This film of Brendan Constantine‘s brilliant anti-gun poem (click through for the text) kicked off a promising new YouTube channel called Blank Verse Films, the work of L.A.-based filmmaker Mike Gioia. He described his modus operandi in an email: “I travel around filming poets, and then edit the recitations into little films.” He added,
Making the videos is much more challenging and exciting than I originally anticipated. I’m trying lots of different approaches but still don’t feel like I’ve “cracked the code” of how to film poetry. Later this month I’m going to try some experiments with dramatic reenactments of poems that will use actors who speak the lines of poetry.
Dear Robot 2018 is a mail collaboration with Jeff Crouch and Diana Magallon music. A personal housebot goes rogue on an emergency disaster relief mission. Jeff and I have spent YEARS emailing each other links and articles about AI and robots and speculation about behavior.
This is the first in a projected series of City Odes directed, shot and edited by Sheldon Chau, in collaboration with poet Lilian Mehrel (herself also an award-winning filmmaker), actor Achiaa Prempeh, who helped inspire the text, and composer John Corlis. Here’s the description:
A woman looks for her place in New York City as she contemplates the meaning of the word, “home.”
The City Odes Project is a passion project in which my composer and I will collaborate with a poet and an actor to create a humanist, emotional, and visual story amidst the backdrop of a particularly city. “In Between Words” is the first of many to come, and kicks off this series in the city I currently reside in – New York City. The narrative was birthed out of an eagerness to collaborate with Achiaa, my actress, who now lives in New York and is originally from Ghana. In speaking with her, I decided to pursue a story about someone searching for home; a woman who is figuring out if NYC is the place for her, who is coming to terms that she is 5,000 miles away from her original home in West Africa, and thus easing out tensions with her mother, who of course wants her to return. The final result here features the work of Lilian Mehrel – a fellow filmmaker and classmate of mine back at NYU Grad Film school – who captures these feelings through her words, and my frequent collaborator John Corlis – an LA-based musician and composer – who complements the poetry with his mixture of piano and strings.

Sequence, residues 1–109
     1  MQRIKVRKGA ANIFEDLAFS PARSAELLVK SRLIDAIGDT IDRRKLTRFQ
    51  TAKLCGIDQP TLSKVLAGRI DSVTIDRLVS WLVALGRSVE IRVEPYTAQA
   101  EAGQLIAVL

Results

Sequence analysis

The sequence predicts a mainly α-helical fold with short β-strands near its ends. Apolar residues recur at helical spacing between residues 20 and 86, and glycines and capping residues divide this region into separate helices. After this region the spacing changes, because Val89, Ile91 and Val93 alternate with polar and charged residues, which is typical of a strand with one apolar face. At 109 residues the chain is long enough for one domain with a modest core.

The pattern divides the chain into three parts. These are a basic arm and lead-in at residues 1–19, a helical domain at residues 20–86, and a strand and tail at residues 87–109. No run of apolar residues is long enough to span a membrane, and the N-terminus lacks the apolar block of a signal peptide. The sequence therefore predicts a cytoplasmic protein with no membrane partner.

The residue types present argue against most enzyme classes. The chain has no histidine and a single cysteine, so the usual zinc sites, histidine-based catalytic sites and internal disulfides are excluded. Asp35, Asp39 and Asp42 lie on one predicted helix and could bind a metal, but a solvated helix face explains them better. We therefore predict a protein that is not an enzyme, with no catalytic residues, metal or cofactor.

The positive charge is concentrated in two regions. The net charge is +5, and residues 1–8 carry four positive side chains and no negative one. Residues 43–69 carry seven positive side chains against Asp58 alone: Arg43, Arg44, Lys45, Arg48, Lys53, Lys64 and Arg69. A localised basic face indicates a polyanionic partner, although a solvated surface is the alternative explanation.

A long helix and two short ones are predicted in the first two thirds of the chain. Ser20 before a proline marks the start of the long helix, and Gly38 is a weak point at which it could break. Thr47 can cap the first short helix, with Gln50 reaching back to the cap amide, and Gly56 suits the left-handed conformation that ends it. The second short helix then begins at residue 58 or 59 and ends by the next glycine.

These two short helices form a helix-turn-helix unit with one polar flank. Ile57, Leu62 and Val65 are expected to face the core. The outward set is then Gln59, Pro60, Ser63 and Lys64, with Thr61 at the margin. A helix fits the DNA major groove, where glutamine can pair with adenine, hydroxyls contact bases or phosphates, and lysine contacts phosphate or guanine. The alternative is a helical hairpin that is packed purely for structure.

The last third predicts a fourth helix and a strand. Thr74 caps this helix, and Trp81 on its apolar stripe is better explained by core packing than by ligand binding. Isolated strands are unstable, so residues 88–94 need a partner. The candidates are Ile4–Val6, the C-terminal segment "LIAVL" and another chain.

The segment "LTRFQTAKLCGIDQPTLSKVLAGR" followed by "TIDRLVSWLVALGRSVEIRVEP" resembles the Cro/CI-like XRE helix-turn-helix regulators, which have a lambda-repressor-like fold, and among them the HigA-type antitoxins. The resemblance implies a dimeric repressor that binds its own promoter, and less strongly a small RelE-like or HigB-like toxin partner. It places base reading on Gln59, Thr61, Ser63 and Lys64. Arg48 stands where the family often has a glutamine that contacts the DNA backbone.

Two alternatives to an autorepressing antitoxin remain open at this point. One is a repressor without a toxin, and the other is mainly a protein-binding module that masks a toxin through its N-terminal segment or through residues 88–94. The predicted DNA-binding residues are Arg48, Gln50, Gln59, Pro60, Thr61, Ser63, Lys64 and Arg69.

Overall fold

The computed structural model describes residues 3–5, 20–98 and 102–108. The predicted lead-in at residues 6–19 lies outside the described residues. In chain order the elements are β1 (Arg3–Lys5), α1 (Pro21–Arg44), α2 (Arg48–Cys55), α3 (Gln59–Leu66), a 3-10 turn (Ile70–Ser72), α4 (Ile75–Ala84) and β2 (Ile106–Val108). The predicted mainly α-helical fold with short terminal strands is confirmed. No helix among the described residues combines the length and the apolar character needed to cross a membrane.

Please, enjoy this short poetry video and my ode to New York City.
Go to Vimeo for the complete credits and text.
Australian filmmaker Jutta Pryor (film and sound production) collaborated with Romanian American poet Claudia Serea (text and voice). There’s also a version without the titling, but I think this one’s better for savoring the poem’s unusual vocabulary: the etymology of “moth,” plus some of the more bizarre names of actual moth species.
To me, though, the most impressive thing about this filmpoem is its successful use of pretty literal imagery—footage of a moth—without in any way seeming to reduce or pin down the text. If anything, I think it leaves it more open. Why this succeeds, when so many similar efforts by lesser filmmakers fail, I’m not entirely sure. I love how the camera seems to adopt a moth’s erratic flight toward the end.
Snippets of interview are interspersed with poems in this wonderful portrait by Morgan Potts of the poet and educator Tyree Daye, who appears equally at home in the classroom and the North Carolina landscape. The poems are from his collection River Hymns, winner of the 2017 APR/Honickman First Book Prize. Though this may resemble a book trailer, it’s actually a public television spot, aired on PBS station UNCTV back in February.